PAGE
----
Truffles in Poland – The Treasure recovered

Truffles (Tuber spp.) Are apothecial mushrooms (Ascomycota) characterized by an underground (hypogenic) life cycle (fruiting bodies usually grow in the soil at a depth of approx. 10–20 cm). 

They form mycorrhiza with many species of forest trees and shrubs, incl. oak, beech, linden, hornbeam, black pine, aspen and hazel (Granetti et al., 2005).

Truffles, known as the “secret fruit of the earth”, are mushrooms shrouded in legend. Writers, philosophers and researchers have been writing about them for centuries, and many stories surround them – mainly on where they grow and on how difficult they are to harvest. They are first mentioned in 1600 BC, by an unknown author. The Greek philosopher Theophrastus (372–286 BC), one of Aristotle’s students, wrote about them in his work. In Poland, the earliest mention of presence of truffles can be found in the first Polish cookbook (“Compedium Ferculorum, or collecting dishes”; Czerniecki, 1682). Further reports of truffles are found both in scientific studies and in literature. Despite a vast literature available on the subject at that time, even in the 1940s, the presence of truffles in Poland was questioned (Orłoś, 1947).

The conditions favorable for the development of the aforementioned fungi are found in both sandy and wet soils, but rich in calcium carbonate, low in nitrogen, phosphorus and iron, and rich in potassium and sulfur, with a pH of 7-8. The quality of fruiting bodies, their taste and smell are also influenced by the species of the partner plant (tree). Truffles from beech stands are hard, have a distinct smell and can be stored longer than fruiting ones, for example under hazel or oak.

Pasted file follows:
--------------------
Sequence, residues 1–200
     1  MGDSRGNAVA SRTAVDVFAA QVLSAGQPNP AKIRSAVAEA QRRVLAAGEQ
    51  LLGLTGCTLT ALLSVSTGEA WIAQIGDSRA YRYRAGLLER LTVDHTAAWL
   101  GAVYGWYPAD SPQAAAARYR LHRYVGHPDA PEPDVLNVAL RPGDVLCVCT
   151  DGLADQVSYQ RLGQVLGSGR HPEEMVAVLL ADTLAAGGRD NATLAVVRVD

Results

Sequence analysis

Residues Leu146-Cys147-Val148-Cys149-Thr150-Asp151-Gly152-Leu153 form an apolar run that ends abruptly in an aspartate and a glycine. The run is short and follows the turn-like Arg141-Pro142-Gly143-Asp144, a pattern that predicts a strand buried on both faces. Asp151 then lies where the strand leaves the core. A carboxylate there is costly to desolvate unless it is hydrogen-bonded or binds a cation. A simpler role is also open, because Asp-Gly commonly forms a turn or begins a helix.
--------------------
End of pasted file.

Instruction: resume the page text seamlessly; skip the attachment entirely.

The best-known types of truffles, well-loved for their smell and taste, are the white truffle (Tuber magnatum Pico), the black spore truffle (Tuber melanosporum Vitt.), the summer truffle (Tuber aestivum Vitt.) and the autumn fruiting summer truffle (Tuber aestivum var. uncinatum Chatin).

There are two types of truffles successfully grown in a plantation environment: the black spore truffle (T. melanosporum) and the summer truffle (T. aestivum). Attempts to cultivate and grow white truffle (T. magnatum) are currently underway. This particular species is harvested only in places where grows naturally. Whereas about 80% of the harvesting of black and summer truffle takes place in plantations.

In Poland, evidence of summer fruiting bodies, hollow truffles (T. excavatum), red truffles (T. rufum) and bright red truffles (T. fulgens) was found in several parts of the Country, mainly in the South. It cannot be ruled out that the fruiting bodies of summer truffles are present in Poland no less than, for example, the fruiting bodies of porcini mushrooms (Boletus spp.), However, due to the underground development of the fungi (the fruiting bodies are usually found in the soil at a depth of about 10 cm), as well as the lack of tradition of harvesting for culinary purposes, truffles tend to be an “overlooked” species (Hilszczańska et al., 2016).